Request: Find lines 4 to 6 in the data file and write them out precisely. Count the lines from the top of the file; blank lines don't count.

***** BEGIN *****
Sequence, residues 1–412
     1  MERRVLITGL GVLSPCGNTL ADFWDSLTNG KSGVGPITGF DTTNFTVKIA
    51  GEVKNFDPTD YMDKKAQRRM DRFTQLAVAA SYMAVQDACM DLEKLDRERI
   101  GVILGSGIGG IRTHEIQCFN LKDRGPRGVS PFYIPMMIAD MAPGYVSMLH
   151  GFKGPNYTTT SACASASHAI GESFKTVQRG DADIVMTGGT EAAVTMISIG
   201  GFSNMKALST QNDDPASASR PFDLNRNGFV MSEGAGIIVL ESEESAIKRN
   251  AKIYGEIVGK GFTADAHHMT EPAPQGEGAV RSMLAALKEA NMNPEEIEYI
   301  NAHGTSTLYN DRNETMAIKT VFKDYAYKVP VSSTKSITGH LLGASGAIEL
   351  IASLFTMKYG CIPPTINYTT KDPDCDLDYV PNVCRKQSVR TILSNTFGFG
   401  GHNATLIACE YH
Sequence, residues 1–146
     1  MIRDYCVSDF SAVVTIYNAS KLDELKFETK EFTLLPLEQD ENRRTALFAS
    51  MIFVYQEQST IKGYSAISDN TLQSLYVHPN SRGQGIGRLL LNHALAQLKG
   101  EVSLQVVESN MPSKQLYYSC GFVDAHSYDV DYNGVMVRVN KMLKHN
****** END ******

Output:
   101  GVILGSGIGG IRTHEIQCFN LKDRGPRGVS PFYIPMMIAD MAPGYVSMLH
   151  GFKGPNYTTT SACASASHAI GESFKTVQRG DADIVMTGGT EAAVTMISIG
   201  GFSNMKALST QNDDPASASR PFDLNRNGFV MSEGAGIIVL ESEESAIKRN